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Five reasons to start university in early 2021

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Published: 17 November 2020

Were you considering starting university in September but missed out on the opportunity? Maybe you needed some more time to consider your options but now you feel ready to start your student journey? An alternative intake may just be what you’re looking for.

The academic year traditionally starts in August or September – here in the UK it has been that way for most of us since we started school aged four or five – so naturally, joining an alternative intake to start a degree will feel strange! At the University of Sunderland, we know the traditional route doesn’t work for everyone and so, along with our flexible teaching and learning opportunities, we are offering a range of courses that start in early 2021.

We understand that you may have concerns about your student experience compared to your peers who may have started in September – will there be a Freshers’ week? Will you get the same experience? Is there any disadvantage to starting a degree later in the academic year? To try and put your mind at ease we’ve compiled a list of reasons to start university in early 2021.

A nursing student practicing their cannulation skills

1. Different intake, same experience

One of the biggest concerns you may have when considering starting a course in early 2021 is whether you will get the same experience as those students who have started in September 2020, or are planning to start in September 2021. To reassure you, we caught up with some staff who teach on courses that start in early 2021, and a student who began their student journey in April 2020:

Professor Stephanie Atkinson, who teaches on our postgraduate Education courses, says, “For most masters courses, the modules are all at the same level and most can be studied in any order. Those that cannot are offered in each semester and so can be accessed when the student needs them. The overall course content for the October and March start is exactly the same and in one of your important core modules you will be in a smaller cohort and will therefore have more individual attention from your tutors. There is also a wide range of optional modules available because you are able to study alongside the October cohort, something which would not be able to be offered if only one intake were taking the options on their own, so the best of both worlds.” The flexibility of our masters courses that Professor Stephanie highlights is also good news for those students who have professional roles in education – many MA Education applicants opt for the March start simply because they tend to have more headspace for studying after the rush of the busy Autumn/Winter term.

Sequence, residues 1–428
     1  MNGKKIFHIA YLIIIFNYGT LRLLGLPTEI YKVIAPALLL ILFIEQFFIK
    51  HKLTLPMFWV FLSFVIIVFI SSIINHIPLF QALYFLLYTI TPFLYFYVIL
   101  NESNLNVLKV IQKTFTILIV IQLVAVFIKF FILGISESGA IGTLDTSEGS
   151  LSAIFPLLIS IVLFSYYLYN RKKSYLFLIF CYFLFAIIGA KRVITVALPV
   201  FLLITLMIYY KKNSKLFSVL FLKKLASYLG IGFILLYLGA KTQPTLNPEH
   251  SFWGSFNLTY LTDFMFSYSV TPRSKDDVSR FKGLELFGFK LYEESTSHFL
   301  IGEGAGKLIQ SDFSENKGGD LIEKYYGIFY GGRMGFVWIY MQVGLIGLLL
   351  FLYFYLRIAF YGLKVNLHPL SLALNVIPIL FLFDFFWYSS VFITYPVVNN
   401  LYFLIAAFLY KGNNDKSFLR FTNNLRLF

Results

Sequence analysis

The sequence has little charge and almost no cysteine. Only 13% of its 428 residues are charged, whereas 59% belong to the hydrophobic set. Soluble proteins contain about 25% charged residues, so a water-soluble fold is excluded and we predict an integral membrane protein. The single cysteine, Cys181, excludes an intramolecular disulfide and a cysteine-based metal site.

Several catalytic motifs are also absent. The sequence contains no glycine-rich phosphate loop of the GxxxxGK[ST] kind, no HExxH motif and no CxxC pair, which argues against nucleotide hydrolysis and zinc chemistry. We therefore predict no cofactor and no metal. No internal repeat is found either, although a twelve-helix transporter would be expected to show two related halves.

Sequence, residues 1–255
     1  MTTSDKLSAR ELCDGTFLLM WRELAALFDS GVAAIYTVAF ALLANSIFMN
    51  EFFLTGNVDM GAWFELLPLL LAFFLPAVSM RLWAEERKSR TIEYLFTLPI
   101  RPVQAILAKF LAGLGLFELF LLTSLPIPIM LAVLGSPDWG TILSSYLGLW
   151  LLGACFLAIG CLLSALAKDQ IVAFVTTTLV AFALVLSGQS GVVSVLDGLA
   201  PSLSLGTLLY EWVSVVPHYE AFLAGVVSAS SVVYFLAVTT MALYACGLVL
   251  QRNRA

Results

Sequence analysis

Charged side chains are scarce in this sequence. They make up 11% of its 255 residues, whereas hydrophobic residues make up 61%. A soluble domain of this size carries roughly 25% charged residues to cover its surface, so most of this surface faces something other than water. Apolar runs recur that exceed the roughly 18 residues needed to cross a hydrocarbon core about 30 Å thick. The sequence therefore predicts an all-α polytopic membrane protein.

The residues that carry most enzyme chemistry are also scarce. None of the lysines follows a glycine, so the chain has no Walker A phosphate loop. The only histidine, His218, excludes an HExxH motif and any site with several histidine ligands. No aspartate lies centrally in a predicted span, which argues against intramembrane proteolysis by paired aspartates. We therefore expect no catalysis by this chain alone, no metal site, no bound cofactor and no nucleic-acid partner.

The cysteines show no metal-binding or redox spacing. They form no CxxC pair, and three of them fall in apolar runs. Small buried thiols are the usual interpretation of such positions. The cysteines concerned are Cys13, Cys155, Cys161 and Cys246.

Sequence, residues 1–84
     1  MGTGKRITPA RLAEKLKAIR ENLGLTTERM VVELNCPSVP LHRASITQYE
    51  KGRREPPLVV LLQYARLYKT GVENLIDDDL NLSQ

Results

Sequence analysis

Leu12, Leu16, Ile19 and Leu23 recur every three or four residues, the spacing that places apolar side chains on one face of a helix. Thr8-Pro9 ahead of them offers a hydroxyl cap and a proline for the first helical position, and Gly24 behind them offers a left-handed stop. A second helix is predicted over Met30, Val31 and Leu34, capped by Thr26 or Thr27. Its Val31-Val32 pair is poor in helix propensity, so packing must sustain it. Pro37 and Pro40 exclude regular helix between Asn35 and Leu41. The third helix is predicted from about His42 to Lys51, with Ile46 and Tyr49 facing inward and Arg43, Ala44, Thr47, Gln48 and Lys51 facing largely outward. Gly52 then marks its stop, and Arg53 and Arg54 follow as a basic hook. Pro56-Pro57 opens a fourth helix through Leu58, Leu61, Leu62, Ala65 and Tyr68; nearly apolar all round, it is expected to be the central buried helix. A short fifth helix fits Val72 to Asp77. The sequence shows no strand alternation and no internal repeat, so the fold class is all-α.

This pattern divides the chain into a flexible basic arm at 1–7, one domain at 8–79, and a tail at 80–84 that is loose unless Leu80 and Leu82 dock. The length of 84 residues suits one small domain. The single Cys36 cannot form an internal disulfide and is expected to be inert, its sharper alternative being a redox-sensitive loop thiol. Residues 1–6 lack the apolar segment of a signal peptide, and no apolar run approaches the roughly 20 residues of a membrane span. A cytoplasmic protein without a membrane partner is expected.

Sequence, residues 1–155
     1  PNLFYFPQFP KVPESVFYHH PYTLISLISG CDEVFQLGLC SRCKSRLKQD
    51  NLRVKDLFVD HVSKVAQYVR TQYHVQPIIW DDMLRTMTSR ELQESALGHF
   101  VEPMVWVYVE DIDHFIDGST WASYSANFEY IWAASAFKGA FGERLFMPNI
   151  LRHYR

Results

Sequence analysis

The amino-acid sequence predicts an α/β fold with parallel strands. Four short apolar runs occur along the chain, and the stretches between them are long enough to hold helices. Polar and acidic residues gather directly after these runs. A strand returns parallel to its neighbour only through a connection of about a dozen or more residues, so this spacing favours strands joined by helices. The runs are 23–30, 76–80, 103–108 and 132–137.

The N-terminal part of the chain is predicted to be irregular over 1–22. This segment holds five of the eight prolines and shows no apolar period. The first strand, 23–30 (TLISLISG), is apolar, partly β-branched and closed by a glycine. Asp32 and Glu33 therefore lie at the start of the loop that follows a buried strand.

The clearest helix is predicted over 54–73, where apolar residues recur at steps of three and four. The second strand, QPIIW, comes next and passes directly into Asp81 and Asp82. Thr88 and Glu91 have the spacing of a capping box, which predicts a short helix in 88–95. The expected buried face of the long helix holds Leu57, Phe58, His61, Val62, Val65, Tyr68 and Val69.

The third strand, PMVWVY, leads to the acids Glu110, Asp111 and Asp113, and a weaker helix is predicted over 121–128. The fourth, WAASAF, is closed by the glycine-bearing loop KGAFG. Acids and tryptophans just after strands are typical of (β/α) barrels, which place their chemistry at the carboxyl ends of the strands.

Current student, Adam Bell, is studying BSc (Hons) Mental Health Nursing Practice and started his course in April 2020. He says, “I already have a degree and an MA, and the April start didn’t feel too dissimilar to the September start. It actually felt quite nice starting something in spring, as opposed to the traditional September start time.”

Senior Lecturer and Clinical Link Tutor, Claire Calladine, teaches on the BSc (Hons) Adult Nursing Practice course, and reassures us that there is no difference between the September intake and the April intake of the course. She says, “The course content is exactly the same and you’re offered the same clinical placements – the only real difference is the size of the cohort, as the April intake is usually smaller.”